Horn antennas are largely used in both UHF and VHF frequencies. They run smoothly at a frequency above 300 MHz. Horn antenna is used as a feed horn in large antenna structures like parabolic antennas.
In this article, we will discuss a horn antenna, its design, working process, benefits, and disadvantages. This blog will also discuss various other things related to a horn antenna.
What is Horn Antenna?
Before we discuss everything related to high gain horn antenna, let us know what a horn antenna is. It is a type of antenna when the end of an antenna is tapered in the horn shape. These antennas normally operate in microwave frequency.
The antenna works in ultra-high frequencies starting from 300 MHz to 30 GHz. The first horn antenna was developed with pioneering experiments via microwaves in the year 1897 by Jagdish Chandra Bose.
The current horn antenna was discovered in the year 1938 by G.C. Southworth and Wilmer Barrow. The experts continued to find design and invent the radiation pattern of a horn antenna with its applications as well.
Horn antennas are also called microwave antennas as they are popular in microwave and waveguide transmission. Because of the flared-out structure of the antenna, the directivity is greater than usual and emitted signals travel far-off distances.
Meaning of waveguide
A waveguide is a hollow tube that lets the energy gets radiated in space when excited at one end and opened at the other end. The amount of energy radiated by the wavelength is more significant than the two-wire transmission line.
There is no central conductor in the waveguide, and it can be either cylindrical or rectangular. This antenna allows the propagation of electromagnetic waves from one end to another. Moreover, this antenna is considered a high-pass filter as it permits the propagation of high-frequency signals.
Horn Antenna Design
The horn antenna has a flared-out structure that forms like a horn. These antennas are used for receiving and transmitting RF microwave signals. Apart from that, the horn antennas are also used in a narrow beam with direct radio waves and waveguide feeds.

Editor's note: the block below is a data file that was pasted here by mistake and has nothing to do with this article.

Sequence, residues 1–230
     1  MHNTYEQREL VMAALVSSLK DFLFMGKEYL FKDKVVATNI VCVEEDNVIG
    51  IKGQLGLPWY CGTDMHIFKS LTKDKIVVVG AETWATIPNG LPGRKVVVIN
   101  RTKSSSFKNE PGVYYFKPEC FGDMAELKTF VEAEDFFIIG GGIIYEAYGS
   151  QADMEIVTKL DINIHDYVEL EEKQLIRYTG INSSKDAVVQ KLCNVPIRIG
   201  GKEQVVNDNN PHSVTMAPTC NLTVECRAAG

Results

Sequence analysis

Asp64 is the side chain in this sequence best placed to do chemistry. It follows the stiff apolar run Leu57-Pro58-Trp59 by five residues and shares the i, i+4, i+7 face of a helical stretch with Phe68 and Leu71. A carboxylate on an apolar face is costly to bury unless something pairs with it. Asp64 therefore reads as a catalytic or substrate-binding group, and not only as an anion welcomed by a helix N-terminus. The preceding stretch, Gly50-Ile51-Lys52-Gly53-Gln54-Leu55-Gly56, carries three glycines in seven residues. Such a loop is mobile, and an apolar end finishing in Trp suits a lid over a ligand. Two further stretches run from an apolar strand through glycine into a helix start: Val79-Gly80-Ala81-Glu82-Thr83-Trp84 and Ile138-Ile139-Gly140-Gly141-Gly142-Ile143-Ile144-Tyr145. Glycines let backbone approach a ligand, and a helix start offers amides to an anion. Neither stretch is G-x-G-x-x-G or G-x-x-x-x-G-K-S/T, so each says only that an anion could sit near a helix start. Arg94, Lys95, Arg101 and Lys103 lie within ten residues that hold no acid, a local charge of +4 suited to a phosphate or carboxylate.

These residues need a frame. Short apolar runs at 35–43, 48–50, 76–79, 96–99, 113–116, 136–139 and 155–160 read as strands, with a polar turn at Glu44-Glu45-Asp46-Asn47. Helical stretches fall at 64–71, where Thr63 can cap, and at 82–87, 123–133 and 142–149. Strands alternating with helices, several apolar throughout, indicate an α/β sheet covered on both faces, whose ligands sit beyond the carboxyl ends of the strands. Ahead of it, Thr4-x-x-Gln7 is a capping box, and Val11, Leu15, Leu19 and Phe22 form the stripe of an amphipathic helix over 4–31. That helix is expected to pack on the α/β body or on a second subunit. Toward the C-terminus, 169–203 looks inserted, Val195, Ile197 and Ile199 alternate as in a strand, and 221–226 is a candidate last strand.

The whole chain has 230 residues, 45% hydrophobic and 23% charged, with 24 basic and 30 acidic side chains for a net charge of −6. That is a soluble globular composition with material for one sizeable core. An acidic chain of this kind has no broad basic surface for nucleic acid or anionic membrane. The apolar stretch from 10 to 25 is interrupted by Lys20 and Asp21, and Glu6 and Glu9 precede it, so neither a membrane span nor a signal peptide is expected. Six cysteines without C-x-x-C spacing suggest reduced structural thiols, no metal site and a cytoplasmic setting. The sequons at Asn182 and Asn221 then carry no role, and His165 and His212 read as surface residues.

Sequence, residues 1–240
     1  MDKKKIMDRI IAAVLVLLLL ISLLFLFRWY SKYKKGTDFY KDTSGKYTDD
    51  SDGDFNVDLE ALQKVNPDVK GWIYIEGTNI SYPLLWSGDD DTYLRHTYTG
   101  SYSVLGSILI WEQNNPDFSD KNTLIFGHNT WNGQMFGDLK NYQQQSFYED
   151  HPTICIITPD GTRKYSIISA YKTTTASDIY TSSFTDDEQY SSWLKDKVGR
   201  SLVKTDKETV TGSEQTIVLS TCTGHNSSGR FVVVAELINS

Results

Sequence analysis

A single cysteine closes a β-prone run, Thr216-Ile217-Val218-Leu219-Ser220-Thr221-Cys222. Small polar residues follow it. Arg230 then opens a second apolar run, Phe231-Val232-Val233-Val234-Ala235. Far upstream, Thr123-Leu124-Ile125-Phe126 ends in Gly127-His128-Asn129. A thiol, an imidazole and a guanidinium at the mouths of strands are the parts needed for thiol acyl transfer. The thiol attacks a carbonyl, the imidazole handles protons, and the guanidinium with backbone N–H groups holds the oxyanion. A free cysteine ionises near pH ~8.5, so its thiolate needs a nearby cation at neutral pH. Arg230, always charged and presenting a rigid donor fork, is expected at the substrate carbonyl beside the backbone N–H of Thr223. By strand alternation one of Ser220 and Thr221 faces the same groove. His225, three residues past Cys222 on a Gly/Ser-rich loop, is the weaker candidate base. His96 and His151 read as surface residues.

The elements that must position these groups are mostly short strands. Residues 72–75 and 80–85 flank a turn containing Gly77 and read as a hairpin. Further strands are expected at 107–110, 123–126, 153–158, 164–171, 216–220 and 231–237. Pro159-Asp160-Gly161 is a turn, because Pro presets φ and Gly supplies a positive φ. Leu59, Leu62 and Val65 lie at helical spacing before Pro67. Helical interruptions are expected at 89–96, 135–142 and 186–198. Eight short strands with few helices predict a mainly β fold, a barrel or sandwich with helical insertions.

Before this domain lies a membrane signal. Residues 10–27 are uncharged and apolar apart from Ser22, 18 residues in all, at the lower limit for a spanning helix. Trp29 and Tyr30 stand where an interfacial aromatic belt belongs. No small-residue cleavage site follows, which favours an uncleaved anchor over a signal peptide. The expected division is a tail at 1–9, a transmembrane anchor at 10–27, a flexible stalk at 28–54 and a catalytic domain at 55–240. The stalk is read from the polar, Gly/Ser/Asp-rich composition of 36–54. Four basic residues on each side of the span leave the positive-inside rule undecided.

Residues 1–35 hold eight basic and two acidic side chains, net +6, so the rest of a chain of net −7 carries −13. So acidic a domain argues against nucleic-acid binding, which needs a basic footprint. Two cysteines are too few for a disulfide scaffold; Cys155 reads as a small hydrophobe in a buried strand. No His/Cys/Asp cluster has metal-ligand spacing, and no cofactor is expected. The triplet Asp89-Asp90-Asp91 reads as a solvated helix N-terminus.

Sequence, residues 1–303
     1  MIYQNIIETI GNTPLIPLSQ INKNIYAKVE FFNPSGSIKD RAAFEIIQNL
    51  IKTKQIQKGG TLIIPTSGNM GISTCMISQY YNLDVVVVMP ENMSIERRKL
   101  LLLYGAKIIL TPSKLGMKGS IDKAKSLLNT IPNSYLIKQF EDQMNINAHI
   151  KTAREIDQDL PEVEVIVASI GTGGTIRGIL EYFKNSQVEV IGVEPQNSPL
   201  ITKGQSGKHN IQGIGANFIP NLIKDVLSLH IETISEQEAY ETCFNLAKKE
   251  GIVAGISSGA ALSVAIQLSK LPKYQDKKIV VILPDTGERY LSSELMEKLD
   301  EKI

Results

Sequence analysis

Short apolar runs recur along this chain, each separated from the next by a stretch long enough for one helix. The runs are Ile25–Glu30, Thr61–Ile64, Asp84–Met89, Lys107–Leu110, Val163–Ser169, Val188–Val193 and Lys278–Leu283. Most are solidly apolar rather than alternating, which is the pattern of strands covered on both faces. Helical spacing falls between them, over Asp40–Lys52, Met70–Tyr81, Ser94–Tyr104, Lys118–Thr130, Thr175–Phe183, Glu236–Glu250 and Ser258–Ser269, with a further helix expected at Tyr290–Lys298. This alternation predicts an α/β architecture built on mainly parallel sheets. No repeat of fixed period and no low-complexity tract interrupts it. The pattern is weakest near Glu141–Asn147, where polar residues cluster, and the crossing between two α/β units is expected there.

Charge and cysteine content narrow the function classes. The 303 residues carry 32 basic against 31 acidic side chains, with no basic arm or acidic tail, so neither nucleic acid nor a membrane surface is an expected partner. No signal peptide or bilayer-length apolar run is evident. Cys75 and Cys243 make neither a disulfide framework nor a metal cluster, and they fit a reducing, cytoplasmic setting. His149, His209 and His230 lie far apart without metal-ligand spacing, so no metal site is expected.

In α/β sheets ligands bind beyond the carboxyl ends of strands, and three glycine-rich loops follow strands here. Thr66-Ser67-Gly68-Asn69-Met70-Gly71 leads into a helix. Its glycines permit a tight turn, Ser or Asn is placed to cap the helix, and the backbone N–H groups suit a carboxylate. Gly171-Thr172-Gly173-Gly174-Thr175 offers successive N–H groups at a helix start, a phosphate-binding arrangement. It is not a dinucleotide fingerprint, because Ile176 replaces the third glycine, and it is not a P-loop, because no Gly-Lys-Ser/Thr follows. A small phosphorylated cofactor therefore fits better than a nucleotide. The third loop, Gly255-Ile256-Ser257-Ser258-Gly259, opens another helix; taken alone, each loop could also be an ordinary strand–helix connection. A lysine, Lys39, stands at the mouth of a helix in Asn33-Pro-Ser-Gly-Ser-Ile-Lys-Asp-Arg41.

The flared part can be in shape such as rectangular, conical, or square. A minimum-sized antenna is necessary for smooth working. The antenna with a large wavelength and small horn size does not work properly.
In a horn antenna, the fraction of incident energy will radiate from the wavelength’s entry, and the remaining energy will reflect from the same entry as it has an open entry. The end is opened in an electromagnetic horn form to reduce the drawbacks of the waveguide. A smooth transition is allowed between the wavelength and space, giving better directivity toward the radio waves.
Changing the waveguide like a horn structure will eliminate 377 ohms impedance. This will lead to the emission of incident energy in the forwarding direction by reducing the diffraction on the edges. The transmitting antenna’s directivity will enhance with superior gain.
In the case of a horn antenna, the field will be generated when the wavelength’s one end is excited. Normally, the fields within the free space and waveguide transmit similarly.
Once the traversing field comes to the waveguide end, it transmits similarly to the free space. At the end of the wavelength, spherical wavefronts are attained.
Types of Horn Antennas
Horn antenna is mainly divided into three types namely pyramidal, conical, and exponential. Now, let us have a look at the different types of horn antennas in this section:
- Pyramidal horn
You will get some idea by reading the name of this antenna. This antenna has a shape like a pyramid via a rectangular cross-section. It is formed by flaring both waveguide walls.
In a pyramid horn, a rectangular waveguide is utilized and flaring is done within both the direction of magnetic and electric field vectors. A pyramidal horn antenna is used to radiate linearly polarized radio waves and is used with rectangular waveguides.
- Sectoral horn